When children grow up, if they're lucky, they have memories of the most important man in their lives -- their fathers. Sam Davidson, my dad, was unique and considered a local character in Central Islip, where I grew up after the Depression.
He and my mother, Dora, were wed after he was discharged from the Army following World War I. They settled in Central Islip and opened a restaurant and general store called the Blue Bird. It was next to Central Islip State Hospital, which employed most of the village's residents.
Soon after opening, the store was visited by two thugs demanding protection money to assure the safety of the windows and candy cases. My father told them to return the following Tuesday. He was a fit 5 feet, 11 inches tall and 185 pounds, so when the two smaller men showed up prepared to do damage, he fought back with such intensity it became a police matter and all three were taken to jail. Dad said he got bailed out and was vindicated when the case went to court.
As an adult, I asked him what prompted him to take such drastic action.
"If I had not done that, no Jew or anyone else could have safely operated a business in the village," he said.
Central Islip was small enough to make us feel that friends and neighbors were extended family, even though we were Jewish living in a village of good Christians.
Dad was a gifted pianist and always played in the Blue Bird and entertained at many Irish events at St. John of God Catholic Church.
He cared for people and helped them in many ways. He made sure customers and even strangers had food, even if they lacked money to pay the bill. As a member of both the American Legion and Veterans of Foreign Wars, he advocated for veterans and helped them with paperwork to obtain benefits, such as medical treatment.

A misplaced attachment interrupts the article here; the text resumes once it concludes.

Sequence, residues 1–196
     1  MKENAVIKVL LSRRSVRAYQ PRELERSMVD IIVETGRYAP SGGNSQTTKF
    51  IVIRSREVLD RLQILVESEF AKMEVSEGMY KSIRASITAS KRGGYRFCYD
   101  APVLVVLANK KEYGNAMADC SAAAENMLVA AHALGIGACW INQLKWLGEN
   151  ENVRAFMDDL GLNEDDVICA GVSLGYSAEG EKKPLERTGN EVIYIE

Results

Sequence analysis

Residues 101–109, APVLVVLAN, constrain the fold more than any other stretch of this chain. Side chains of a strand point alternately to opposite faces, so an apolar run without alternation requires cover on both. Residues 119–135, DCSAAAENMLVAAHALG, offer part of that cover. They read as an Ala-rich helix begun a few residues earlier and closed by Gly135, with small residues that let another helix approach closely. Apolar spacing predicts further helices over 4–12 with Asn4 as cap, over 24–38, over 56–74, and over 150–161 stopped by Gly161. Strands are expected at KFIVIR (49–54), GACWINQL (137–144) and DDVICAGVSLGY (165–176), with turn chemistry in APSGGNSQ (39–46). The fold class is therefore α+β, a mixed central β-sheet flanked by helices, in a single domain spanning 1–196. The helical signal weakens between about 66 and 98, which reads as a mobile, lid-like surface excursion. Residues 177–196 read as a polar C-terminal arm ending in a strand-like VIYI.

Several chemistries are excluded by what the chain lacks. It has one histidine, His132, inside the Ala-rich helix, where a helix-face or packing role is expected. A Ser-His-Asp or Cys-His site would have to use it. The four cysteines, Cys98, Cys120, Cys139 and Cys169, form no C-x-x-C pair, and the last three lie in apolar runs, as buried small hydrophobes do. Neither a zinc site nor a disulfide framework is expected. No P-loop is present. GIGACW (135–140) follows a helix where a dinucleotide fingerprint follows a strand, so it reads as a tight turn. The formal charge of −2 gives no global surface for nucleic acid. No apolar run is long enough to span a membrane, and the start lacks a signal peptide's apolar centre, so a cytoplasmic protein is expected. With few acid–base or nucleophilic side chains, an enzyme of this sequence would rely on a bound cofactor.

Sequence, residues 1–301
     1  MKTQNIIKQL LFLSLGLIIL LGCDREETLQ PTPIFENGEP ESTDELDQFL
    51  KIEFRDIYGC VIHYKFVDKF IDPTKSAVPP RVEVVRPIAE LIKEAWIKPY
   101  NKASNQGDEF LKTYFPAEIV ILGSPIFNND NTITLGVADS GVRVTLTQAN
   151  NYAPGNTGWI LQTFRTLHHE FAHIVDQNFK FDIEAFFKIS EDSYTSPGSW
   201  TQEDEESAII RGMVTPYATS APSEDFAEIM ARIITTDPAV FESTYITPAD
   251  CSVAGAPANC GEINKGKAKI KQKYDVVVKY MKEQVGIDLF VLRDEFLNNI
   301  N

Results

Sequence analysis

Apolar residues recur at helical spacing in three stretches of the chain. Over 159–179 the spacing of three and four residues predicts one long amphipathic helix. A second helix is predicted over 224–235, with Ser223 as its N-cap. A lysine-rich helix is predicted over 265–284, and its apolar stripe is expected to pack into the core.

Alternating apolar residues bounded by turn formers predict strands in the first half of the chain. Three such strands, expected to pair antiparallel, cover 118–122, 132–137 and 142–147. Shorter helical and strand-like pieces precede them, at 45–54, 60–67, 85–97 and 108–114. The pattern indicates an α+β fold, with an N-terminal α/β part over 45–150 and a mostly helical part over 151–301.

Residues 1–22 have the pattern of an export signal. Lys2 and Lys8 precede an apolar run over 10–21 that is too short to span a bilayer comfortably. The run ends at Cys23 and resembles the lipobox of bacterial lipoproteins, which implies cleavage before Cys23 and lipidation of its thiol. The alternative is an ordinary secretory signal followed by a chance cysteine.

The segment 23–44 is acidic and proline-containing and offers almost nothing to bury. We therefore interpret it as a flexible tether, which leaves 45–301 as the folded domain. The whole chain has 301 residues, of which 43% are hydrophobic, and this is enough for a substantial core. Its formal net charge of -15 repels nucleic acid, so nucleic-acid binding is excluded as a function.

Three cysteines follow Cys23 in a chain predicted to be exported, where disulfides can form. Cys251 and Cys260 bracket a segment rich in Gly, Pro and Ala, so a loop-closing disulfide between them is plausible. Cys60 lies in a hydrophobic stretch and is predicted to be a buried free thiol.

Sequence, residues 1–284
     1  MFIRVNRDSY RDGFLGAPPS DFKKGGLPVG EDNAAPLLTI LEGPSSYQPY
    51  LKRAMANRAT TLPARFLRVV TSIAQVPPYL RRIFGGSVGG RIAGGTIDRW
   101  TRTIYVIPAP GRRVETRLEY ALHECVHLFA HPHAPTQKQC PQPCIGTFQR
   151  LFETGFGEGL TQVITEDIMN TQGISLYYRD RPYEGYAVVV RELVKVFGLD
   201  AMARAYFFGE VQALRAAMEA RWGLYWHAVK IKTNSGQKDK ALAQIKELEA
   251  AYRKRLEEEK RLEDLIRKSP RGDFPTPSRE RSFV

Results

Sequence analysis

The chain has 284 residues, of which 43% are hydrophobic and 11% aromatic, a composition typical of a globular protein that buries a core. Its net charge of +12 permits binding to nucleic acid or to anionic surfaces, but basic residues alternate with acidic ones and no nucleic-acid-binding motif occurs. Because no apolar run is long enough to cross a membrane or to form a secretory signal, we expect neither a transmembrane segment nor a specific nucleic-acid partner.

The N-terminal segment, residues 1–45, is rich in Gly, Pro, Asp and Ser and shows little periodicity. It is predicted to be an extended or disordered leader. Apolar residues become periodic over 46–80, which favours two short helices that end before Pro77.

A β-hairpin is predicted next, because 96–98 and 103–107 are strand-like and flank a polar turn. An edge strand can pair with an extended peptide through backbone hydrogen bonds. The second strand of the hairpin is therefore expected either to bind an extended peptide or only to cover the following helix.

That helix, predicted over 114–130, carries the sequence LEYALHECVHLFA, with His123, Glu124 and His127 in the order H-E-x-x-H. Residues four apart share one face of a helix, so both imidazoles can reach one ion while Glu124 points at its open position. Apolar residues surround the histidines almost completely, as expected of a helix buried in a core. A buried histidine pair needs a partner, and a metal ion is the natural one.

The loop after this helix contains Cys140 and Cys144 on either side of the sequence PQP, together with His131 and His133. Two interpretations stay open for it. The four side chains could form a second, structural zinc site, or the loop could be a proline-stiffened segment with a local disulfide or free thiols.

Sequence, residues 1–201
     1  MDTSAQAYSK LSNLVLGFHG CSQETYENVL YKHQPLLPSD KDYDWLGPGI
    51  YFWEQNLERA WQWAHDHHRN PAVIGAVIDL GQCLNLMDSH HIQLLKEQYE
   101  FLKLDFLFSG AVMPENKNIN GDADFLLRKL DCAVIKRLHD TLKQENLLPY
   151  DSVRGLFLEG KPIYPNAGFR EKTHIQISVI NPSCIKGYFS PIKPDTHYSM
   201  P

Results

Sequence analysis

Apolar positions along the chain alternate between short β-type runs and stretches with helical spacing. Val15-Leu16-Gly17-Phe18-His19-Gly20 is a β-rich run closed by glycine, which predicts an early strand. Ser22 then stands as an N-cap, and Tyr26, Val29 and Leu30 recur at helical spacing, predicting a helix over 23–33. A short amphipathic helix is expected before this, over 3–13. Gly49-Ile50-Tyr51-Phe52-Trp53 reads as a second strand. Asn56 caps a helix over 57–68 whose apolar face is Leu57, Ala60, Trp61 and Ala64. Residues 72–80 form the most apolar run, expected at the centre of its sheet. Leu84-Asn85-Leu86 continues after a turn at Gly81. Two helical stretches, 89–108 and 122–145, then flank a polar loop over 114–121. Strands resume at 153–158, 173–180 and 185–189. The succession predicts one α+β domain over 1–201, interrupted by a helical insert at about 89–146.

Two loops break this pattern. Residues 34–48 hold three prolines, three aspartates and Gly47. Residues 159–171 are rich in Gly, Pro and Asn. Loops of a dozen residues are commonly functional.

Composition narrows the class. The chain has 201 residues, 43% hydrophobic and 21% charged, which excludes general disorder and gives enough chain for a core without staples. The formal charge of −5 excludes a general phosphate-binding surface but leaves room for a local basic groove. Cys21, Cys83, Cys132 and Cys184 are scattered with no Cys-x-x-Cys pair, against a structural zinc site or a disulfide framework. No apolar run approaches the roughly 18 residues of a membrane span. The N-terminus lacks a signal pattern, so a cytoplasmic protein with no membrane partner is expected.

He was concerned for the safety of employees and patients at the state hospital and led community efforts some four decades ago to get the Long Island Lighting Co. to install street lighting through the hospital grounds on Carleton Avenue, according to a neighbor who worked for the utility. As a real estate broker in the 1950s through to his retirement in 1970, he helped many people facing job losses or medical bills to sell their homes and avoid foreclosure.
He had a great sense of humor. Our house on Irving Street was at the bottom of a small hill. Water collected where cars parked in front of the house. He sent his tax bill back one year stating he was undertaxed because he had waterfront property. Once an inspection was made, a drain was put in.
A widowed neighbor on Irving Street was afraid a big tree in front of her property would fall into her home during a storm. Dad asked officials to remove the tree, which was on town property, but they refused, saying it would be too costly. He later went to a town meeting with a petition seeking a sidewalk on that side of the street. When the town fathers realized how much a sidewalk would cost, they worked out a compromise and removed the tree. No sidewalk was put in.
When dad retired, he often wrote letters to the editor of Newsday, but none were ever published. An old friend asked my sister, Arlene, what occupied him in retirement. She quickly relied, "He writes for Newsday."
Unfortunately, late in life dad suffered from dementia and became a patient at the state hospital in Central Islip. For five years the wonderful former customers, friends and neighbors whom he helped in so many ways gave him loving care. When he died in 1978, two beautiful nurse friends were with us by his bedside. We are forever grateful to all.
Reader Claire Siegel lives in Patchogue.